What It Takes To Make It in the SA Hip Hop Industry from the Experts: Part 3

If talent were a blemished face, public relations would be the wave of a makeup artist’s brush; accentuating its natural highlights and beauty, and concealing its blemishes. PR is the act of disseminating information between a person/organisation and the general public in order to attract their interest. It is a carefully curated campaign to enhance image or brand perception; the ‘show’ bit of show business.

Consumers cannot consume what they do not know exists. Even the best products don’t sell themselves, a marketing campaign has to be put in place to create awareness of a particular brand, and key to that brand is image. How you’re perceived is what drives people to buy, they want to relate to you as a person more so than as an artist.

The audience is sometimes fickle, and navigating the space of brand perception can be a daunting one. Media can be used in a way that builds or breaks your brand. Alienating your audience is sometimes as easily done as Bow Wow tweeting that he can’t relate to civil rights issues because he’s mixed-race. At the same time, endearing yourself to a wider audience is just as easily done; James Blunt’s witty one liners to the questions he’s asked on Twitter are evidence of this.

We spoke to Farah Fortune, director of African Star Communications, for more insight on the sphere of image management and public relations in the entertainment industry.

Are image and talent two sides of a coin for the successful trajectory of an artist in the hip hop industry or does one have more of an impact than the other?

Image and talent are not the same thing. There are many artists I like that don’t necessarily have talent, however their image is what sustains their careers. For instance Rihanna is not the most talented singer I’ve ever heard but her image maintains her popularity and she has some great producers. I still love her! It goes to show that image is important as talent but talent is not the dominating factor in the music industry.

How should an artist trying to break into the industry approach their public relations?

Listen to their publicist!!! As long as the publicist is reputable and has a proven track record they should be in a position to effectively guide the artist in creating a public image that is beneficial to them. Someone who has a friend that’s a celeb does not make them a publicist. Be careful who you approach and how they put you out to the public.

What exactly does a public relations company like African Star do and why is it beneficial for artists to make use of them?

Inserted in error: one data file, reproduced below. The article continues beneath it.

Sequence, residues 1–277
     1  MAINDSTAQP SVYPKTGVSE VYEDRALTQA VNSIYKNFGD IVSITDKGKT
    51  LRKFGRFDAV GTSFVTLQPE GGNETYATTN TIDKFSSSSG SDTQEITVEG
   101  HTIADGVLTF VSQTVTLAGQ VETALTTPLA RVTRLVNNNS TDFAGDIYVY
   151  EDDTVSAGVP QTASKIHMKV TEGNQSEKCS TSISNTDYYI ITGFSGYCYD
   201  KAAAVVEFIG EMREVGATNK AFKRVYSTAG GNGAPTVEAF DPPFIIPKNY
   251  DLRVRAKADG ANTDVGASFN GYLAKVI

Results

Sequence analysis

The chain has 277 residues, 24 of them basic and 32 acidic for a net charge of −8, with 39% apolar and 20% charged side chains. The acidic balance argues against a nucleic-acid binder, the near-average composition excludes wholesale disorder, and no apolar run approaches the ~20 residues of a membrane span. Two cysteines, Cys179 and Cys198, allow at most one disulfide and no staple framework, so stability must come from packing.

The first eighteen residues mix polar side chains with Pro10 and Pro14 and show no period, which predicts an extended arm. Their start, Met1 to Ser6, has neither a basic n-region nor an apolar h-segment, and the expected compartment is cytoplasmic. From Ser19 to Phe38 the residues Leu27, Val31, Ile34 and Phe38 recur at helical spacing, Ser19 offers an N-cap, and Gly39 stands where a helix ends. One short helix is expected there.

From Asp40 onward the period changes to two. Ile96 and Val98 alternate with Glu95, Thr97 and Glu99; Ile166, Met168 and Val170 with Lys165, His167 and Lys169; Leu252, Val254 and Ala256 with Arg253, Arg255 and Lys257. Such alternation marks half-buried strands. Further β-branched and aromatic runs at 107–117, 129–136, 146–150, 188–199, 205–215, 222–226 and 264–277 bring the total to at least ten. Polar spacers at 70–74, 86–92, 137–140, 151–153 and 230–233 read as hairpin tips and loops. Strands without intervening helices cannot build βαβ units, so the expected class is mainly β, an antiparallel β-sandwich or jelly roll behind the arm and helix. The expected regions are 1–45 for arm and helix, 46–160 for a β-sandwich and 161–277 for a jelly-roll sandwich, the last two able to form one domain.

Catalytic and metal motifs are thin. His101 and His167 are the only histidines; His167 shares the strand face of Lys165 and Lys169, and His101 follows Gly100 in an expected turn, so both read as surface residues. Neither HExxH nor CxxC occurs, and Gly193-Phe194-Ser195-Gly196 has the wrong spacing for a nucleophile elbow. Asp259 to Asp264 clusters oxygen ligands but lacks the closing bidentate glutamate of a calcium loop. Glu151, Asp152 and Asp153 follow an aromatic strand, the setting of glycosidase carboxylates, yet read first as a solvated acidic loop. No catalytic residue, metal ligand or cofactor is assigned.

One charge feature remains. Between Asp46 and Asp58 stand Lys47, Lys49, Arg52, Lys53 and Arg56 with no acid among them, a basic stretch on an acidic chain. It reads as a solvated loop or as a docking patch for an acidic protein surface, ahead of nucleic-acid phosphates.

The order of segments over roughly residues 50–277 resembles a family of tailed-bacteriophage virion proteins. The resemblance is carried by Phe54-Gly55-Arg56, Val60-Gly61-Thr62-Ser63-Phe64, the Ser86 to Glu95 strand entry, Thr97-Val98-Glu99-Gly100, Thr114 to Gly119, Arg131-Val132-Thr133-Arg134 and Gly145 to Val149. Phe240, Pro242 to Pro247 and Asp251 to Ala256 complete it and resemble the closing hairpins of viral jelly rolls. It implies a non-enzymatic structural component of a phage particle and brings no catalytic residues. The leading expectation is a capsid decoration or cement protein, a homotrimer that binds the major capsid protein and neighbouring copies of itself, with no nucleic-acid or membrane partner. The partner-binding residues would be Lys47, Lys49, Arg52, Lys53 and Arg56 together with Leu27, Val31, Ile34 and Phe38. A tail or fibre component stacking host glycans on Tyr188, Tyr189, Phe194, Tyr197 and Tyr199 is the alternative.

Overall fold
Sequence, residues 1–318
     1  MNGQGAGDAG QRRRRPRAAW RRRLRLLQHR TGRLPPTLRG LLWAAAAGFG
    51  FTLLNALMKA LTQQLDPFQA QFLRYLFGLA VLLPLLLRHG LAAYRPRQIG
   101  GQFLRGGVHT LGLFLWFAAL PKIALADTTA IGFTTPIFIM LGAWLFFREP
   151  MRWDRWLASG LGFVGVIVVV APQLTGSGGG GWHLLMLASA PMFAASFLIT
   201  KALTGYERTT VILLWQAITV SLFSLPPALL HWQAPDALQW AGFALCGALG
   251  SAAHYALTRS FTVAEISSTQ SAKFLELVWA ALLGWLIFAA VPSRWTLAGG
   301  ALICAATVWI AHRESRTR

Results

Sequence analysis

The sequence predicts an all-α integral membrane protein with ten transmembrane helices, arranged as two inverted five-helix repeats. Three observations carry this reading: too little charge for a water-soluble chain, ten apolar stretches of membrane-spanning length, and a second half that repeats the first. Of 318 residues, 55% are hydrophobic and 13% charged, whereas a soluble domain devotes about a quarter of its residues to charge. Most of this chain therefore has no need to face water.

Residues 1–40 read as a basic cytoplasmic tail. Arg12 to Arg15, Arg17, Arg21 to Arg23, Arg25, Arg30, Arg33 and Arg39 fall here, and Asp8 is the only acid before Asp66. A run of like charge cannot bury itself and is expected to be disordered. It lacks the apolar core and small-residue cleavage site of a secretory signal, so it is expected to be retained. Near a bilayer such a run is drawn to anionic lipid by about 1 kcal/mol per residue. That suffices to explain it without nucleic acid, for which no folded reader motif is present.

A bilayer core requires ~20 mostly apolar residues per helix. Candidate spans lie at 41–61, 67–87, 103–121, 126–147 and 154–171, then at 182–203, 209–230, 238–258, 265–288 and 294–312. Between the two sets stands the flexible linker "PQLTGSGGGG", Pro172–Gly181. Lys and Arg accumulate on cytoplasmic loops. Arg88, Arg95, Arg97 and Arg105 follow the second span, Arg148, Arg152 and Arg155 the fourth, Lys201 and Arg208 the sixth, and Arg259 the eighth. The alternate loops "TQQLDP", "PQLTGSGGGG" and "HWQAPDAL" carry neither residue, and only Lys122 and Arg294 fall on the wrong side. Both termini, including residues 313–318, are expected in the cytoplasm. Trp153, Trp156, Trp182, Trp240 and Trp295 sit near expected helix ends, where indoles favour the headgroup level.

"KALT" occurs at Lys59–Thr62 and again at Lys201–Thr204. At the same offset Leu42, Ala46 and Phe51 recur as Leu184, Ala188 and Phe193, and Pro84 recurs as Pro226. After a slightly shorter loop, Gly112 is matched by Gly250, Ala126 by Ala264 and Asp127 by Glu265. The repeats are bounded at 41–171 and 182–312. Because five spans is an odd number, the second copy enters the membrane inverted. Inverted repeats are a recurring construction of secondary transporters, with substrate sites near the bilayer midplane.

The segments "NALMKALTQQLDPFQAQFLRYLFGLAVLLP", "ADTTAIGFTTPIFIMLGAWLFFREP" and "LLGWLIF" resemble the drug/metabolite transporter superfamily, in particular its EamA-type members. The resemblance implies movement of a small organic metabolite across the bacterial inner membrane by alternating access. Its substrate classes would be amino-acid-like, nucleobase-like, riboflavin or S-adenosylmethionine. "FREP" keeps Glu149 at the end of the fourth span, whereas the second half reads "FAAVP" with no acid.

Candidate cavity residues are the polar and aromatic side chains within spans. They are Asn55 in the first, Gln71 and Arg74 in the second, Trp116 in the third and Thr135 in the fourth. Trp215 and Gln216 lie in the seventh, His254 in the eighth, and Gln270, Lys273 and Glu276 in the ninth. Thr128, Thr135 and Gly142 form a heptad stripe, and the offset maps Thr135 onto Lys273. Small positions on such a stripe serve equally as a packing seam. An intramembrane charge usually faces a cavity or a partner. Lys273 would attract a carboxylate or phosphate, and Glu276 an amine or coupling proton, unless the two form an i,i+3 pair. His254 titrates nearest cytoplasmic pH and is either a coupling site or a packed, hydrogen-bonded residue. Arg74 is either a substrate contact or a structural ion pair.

African Star is a public relations company. We have three divisions; Celebrity PR, Corporate PR, and Event Management. Within our celeb department, we help artists gain the recognition they need within the music and entertainment industry through exposure to the public via media e.g. interviews, appearances, VIP parties, performances etc. Artist should make use of PR services as a PR expert is able to guide their career and create a favourable image to the public. A PR expert is also able to highlight the artist as a person not just their music, which is what creates the relatable factor to the public. Every person has a favourite musician not just because of their music but also how the artist relates to them particularly.

For lesser known artists who are trying to break into the industry, what are the benefits of a ‘bottom-up’ approach to PR which is more focused on using new media (social media, releasing music on hosting sites for free download etc.) as tools to market yourself and your brand versus a more traditional ‘top-down’ approach to PR by a team of specialists working on traditional media tools?

Bottom up PR is where everyone starts, even J Cole has an infamous tweet where he thanks his followers, years ago for reaching 500 followers! Bottom up PR allows you to start creating an image you’d like to carry through your career. You also have more freedom over what you say before an expert steps in and enhances your previous efforts. Also it allows people to download your music at no charge to get to know you before you start charging for your tracks.

How important is social media to a breakout artist’s PR and what are the dos and don’ts with regards to social media handling?

Social media is extremely important to an artist or brand. It’s a perfect, instant access point for artists to communicate with fans. There are so many do’s and don’ts for artists and brands. It really depend on the image you’re trying to portray. However, politics is always a good one to avoid.

What are some PR faux pas that you would warn artists to guard against?

Find a reputable agency or publicist!!! Don’t just go with someone who says they are a publicist. Ask to see their qualifications and proven track record. There are many scam artists out there!

Don’t over share interviews. Answer your questions fully and listen to what the journo is asking you. Never make a journo repeat their questions.

Make sure the publication benefits your brand. Don’t just take an interview because it’s an interview. Look out for your brand!

How does a PR agency decide on who they want to represent?

Every PR agency is different when it comes to the deciding factor.

At African Star Communications we are very passionate about music. We listen to the artist’s music. Meet with them. Look at what they want for and from their careers. We also have to be passionate about your brand, it has to excite us. We’ve taken on artists who weren’t quite there with their sound but their passion and enthusiasm for their career is what has made us sign them.

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